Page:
Stanwyck’s oeuvre says it all, Adonis brings back sexy
Wilson is obsessed with context, and anyone opening these pages better be prepared for what amounts to a history of American film itself during Stanwyck’s career, as well as the entire world around her. Prohibition, the Depression, and two World Wars are covered at length, as are the lives and careers of virtually all Stanwyck’s important co-stars and directors. Hence, you get many a digression like a ten-page description of the making of the 1936 Garbo version of “Camille.” Why? Stanwyck’s second husband, Robert Taylor, was the star, and the film was an important professional milestone for him. Added to this overwhelming wealth of factual information is Wilson’s critical breakdown of not only Stanwyck’s films, but many others, as well.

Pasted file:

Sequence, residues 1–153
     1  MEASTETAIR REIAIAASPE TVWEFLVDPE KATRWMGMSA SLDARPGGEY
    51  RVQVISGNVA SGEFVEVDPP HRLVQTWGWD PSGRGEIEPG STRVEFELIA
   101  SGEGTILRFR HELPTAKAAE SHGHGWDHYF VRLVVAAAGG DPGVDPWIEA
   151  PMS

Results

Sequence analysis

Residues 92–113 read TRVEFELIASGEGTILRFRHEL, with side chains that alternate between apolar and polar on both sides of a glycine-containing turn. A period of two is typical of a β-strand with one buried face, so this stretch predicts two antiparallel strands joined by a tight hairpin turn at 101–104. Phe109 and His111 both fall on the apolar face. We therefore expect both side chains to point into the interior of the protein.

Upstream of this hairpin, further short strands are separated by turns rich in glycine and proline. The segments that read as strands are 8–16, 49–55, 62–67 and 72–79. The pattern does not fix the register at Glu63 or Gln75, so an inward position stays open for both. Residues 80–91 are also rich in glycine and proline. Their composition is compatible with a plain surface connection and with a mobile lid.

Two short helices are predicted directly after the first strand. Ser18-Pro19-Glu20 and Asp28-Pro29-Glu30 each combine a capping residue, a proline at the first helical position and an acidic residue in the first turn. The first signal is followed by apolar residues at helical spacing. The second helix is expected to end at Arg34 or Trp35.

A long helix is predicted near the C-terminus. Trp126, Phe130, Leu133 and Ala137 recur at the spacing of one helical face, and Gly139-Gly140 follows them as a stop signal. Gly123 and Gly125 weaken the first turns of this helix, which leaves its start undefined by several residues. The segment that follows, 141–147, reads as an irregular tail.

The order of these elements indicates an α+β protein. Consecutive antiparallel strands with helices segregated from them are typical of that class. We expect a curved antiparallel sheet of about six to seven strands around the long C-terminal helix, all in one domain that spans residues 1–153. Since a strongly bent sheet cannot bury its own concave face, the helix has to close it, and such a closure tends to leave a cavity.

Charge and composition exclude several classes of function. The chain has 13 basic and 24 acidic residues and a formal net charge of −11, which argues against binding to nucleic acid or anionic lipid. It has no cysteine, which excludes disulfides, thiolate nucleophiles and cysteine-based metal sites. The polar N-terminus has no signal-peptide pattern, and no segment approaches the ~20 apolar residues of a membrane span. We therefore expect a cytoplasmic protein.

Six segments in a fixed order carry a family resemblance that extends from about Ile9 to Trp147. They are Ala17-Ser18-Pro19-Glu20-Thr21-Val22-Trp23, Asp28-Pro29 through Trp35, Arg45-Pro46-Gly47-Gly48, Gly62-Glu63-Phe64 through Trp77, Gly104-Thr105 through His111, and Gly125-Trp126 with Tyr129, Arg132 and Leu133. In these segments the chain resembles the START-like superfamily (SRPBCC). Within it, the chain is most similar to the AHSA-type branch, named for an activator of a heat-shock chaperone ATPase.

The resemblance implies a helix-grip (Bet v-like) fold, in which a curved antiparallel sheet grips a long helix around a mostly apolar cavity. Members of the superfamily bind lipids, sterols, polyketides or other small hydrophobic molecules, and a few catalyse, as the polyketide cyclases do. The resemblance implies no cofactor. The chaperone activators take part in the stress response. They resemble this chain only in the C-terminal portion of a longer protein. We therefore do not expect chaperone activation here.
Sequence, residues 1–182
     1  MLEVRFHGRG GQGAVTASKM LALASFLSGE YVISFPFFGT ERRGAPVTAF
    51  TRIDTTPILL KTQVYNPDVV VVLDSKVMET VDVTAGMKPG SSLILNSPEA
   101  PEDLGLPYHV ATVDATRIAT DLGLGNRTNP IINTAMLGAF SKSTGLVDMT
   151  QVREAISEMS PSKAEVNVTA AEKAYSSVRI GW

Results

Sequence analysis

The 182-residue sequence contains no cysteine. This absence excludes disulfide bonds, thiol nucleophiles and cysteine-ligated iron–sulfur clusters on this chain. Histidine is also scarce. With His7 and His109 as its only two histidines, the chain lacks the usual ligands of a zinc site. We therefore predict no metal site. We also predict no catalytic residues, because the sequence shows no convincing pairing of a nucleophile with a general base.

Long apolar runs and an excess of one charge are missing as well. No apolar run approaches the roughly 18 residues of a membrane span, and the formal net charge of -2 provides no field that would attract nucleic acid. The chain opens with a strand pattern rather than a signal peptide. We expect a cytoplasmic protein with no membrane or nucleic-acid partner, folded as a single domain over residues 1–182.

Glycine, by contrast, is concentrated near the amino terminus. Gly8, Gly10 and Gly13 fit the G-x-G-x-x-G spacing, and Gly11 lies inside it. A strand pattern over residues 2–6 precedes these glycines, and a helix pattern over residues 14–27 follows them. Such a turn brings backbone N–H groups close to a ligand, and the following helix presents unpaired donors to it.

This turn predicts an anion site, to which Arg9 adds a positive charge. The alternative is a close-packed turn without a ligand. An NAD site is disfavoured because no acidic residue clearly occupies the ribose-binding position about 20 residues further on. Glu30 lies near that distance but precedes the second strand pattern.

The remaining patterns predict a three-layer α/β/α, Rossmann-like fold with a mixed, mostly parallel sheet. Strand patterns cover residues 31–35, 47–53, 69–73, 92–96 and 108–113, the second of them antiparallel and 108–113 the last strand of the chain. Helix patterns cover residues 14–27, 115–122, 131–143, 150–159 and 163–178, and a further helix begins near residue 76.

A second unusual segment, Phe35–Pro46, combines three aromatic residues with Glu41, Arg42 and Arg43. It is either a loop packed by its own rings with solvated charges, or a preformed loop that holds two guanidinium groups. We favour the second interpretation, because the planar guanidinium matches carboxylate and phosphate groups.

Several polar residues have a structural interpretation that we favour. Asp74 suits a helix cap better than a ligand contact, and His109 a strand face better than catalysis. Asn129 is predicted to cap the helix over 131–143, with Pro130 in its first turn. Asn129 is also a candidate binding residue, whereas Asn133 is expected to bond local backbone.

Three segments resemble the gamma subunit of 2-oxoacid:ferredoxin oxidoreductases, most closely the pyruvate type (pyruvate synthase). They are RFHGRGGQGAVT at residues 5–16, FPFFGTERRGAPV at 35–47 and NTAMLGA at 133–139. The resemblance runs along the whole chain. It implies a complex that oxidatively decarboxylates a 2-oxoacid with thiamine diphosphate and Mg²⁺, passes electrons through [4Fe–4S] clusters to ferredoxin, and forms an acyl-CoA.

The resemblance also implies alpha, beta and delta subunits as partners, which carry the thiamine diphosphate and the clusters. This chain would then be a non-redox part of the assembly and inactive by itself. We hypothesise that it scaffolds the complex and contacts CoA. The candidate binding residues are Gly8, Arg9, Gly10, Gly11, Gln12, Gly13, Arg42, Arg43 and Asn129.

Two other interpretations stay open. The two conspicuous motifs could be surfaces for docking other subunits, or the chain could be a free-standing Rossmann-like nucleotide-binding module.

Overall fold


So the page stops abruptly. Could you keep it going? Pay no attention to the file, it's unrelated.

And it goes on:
Thankfully, Stanwyck’s talent and intriguing life are rich enough to justify such microscopic handling. She was born Ruby Stevens in Brooklyn, and the accent from her youth remained an inescapable part of her persona, whatever the role, like Bette’s cigarettes or Kate’s tremulousness. When she was four, her mother, pregnant with her sixth child, was killed when she was pushed off a trolley car by a drunkard. Soon abandoned by her father, she was placed in some 10 foster homes before joining her older sister Mildred on the stage, eventually appearing in the “Ziegfeld Follies” of 1922. More work followed and she established herself as a strong dramatic actress when Hollywood, in need of new faces who could really talk, beckoned in 1929. She moved to California and never looked back, becoming one of the most respected, popular, and highest-paid actresses of her day. It is shameful that she never won an Oscar until a special one was granted in 1982.